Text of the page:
Promising news for keeping the motor neurone neighbourhood safe

There was standing room only in the first of the dedicated scientific sessions of the Symposium last week. All had gathered to hear Prof Stan Appel inform them of the latest chapter of this story on the role of inflammation in MND.

Listening to his presentation I got the gist of the overall positive message – a real step forward in MND research – but to report in any more detail of how and why was a step too far for my brain when I was in Sydney! Reading through my notes when I got back to the office, I was determined to get to the bottom of this science. It helped me to write a non-technical summary of it as I went. It’s perhaps a bit more technical than our normal blog posts – but I couldn’t resist the opportunity to (try and) share my new found knowledge. So here goes:

Inflammation is one response of the immune system. The immune system is a community of cells that exist within your body to protect it from damage and to maintain its status quo. Given its important function, it is perhaps reassuring to know that how it works is mind-blowingly complex!

In the brain and spinal cord, a slightly different defence system exists in comparison to the rest of the body. It is now common knowledge that motor neurones are surrounded by cells that support their function – known as glial cells. Within the community of these glial cells there are ‘police’ cells called microglia. Prof Appel’s lab has contributed many elegant studies to a consensus of research showing that in MND these police cells operate a delicate balance between protecting the environment around motor neurones and triggering a toxic atmosphere. Gradually the toxic atmosphere prevails.

In Sydney, Prof Appel discussed another component of this defence system, ‘regulator T-cells’. Continuing the police analogy, T-cells patrol the blood, rather than the brain and spinal cord tissue of microglia. As their name suggests, regulator T cells regulate the response rate of removing toxins and maintaining a healthy environment, in particular they regulate microglia by sending out specific chemical signals.

Prof Appel wanted to know how the interaction of T-cells with microglia is affected in MND. He found that a large ‘police presence’ (or high numbers) of regulator T-cells influence microglia to maintain their protection of motor neurones. In other words, large numbers of regulator T-cells kept motor neurone death at low level, showing itself as a slower phase of disease progression. As the levels of regulator T-cells get lower, the microglia turn toxic and the rate of progression of the disease speeds up. These conclusions were based on studies in mice models of MND and in patients at different stages of MND – by analysing blood samples for the presence of regulator T-cells and comparing this with what they knew of their symptoms.

This information presents two opportunities to MND researchers – firstly if therapies can be developed to maintain the levels of these regulator T-cells they may slow down the disease; and in the meantime, chemical markers in the blood, used in these studies, may be a valuable biomarker to measure the rate of progression.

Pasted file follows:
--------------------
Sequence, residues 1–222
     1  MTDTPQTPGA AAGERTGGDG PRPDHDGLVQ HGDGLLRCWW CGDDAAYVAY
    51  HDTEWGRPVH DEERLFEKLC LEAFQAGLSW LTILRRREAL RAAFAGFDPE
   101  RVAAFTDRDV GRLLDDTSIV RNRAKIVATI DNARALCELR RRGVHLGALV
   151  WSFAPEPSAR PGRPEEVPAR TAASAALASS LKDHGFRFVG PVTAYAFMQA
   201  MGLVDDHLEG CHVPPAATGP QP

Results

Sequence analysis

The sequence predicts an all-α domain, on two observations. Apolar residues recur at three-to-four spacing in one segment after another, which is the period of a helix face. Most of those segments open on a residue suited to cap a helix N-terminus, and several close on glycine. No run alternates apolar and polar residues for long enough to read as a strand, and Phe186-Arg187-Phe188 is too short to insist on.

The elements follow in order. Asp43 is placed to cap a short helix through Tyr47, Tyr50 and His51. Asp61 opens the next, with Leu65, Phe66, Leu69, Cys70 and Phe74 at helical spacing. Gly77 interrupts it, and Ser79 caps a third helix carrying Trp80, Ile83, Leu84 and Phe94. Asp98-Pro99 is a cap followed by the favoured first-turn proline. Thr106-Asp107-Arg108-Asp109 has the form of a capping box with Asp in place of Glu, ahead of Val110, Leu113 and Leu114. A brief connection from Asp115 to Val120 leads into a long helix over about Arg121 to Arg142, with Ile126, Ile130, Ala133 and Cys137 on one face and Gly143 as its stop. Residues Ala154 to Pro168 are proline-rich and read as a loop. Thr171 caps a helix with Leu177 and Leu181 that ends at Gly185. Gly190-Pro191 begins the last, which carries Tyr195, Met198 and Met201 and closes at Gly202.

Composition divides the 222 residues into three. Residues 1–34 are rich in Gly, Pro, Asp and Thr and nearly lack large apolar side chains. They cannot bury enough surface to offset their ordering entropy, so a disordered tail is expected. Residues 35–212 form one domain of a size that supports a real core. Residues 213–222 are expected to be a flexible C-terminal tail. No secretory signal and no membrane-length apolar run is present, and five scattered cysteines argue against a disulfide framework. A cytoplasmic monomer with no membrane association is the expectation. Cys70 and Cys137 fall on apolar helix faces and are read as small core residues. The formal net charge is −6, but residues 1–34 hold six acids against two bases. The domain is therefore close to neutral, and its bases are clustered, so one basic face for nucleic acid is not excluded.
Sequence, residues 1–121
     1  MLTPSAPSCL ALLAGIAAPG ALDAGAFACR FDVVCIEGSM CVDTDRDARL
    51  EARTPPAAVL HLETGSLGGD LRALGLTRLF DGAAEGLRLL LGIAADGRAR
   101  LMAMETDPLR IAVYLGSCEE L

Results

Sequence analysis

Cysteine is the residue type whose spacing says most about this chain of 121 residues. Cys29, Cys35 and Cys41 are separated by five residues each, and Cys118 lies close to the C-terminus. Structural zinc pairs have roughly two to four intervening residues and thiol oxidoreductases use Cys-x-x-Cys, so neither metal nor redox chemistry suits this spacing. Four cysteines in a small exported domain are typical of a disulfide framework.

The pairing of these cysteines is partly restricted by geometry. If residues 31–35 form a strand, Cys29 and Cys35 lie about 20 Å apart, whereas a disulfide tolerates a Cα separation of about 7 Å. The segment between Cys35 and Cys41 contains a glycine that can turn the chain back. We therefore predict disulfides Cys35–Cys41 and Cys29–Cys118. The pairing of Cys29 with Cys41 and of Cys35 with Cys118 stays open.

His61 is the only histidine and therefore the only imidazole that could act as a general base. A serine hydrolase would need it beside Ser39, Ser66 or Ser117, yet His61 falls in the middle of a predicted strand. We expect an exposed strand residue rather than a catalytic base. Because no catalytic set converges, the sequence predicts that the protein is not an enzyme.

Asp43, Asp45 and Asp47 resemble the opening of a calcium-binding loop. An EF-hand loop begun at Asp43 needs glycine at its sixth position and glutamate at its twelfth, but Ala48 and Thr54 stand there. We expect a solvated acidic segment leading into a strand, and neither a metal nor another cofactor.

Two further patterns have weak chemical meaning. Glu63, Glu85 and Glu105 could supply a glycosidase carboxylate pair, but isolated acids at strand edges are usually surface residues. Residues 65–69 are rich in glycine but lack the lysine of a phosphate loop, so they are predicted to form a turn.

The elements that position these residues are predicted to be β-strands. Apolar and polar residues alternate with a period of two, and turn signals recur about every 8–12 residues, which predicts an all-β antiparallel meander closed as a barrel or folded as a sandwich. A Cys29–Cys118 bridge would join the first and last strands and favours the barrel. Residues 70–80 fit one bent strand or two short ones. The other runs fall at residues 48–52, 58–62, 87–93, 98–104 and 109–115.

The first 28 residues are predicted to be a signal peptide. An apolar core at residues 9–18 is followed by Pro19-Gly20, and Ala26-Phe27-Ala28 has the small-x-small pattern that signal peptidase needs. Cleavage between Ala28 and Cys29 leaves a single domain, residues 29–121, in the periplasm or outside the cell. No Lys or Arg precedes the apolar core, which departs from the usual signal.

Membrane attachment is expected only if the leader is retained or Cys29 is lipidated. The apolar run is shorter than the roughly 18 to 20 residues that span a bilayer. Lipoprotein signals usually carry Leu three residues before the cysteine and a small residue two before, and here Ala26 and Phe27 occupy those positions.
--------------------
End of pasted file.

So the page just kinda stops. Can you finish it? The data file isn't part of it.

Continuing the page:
Mediating the delicate balance between protection and damage

The Opening Session theme on how the disease progresses within the Central Nervous System (CNS) continued with the presentation by Prof Stan Appel from Baylor College of Medicine, Huston on neuroinflammation.

Examination of post-mortem brain and spinal cords from people with MND shows clear evidence of inflammation (although Prof Appel was quick to point out that this is not the same as occurs in ‘primary’ inflammatory conditions such as multiple sclerosis). Similar patterns are seen in human MND spinal cord and in SOD1 mice, suggesting that at least for this aspect of the disease, SOD1 mice may be a good model of human MND.

He went on to explain how migroglia, the ‘innate’ immune cells of the CNS, help mediate a delicate balance between protection and damage. The speed of progression in MND appears to be dictated by this balance.

Prof Appel showed that SOD1 mice exhibit two phases of disease: an early slow phase, where the microglia release a series of protective factors, and a rapid secondary progressive phase where levels of these protective markers fall and are replaced by a rise in ‘pro-inflammatory’ toxic factors. Of course, strains of lab mice are so inbred that they are genetically very similar and develop the disease in a uniform manner. Humans on the other hand are very different, as is the way the disease progresses between one individual and the next, so the two stages of disease are not easy to demonstrate in MND patients. However, by examining the inflammatory factors present in patients with very rapid progression against those with slower progression, he was able to show that the factors associated with the second ‘rapid progression’ phase in mice were also present in the rapidly progressing patients. He suggested that this may assist clinicians in predicting how the disease is likely to progress in patients at an early stage in the disease.

It is relatively easy in cell culture studies to tilt this balance from protective to toxic, but could the balance be tilted the other way in patients, as a therapeutic strategy? Certainly, in response to a question from the floor, he suggested that greater attempts should be made in this direction, commenting, “The whole issue of immunosuppressant drugs in MND needs to be re-opened. But – you can’t just take down all immune responses in an uncontrolled way. You need drugs that are much more selective”.

Read our official day one symposium press release on our website.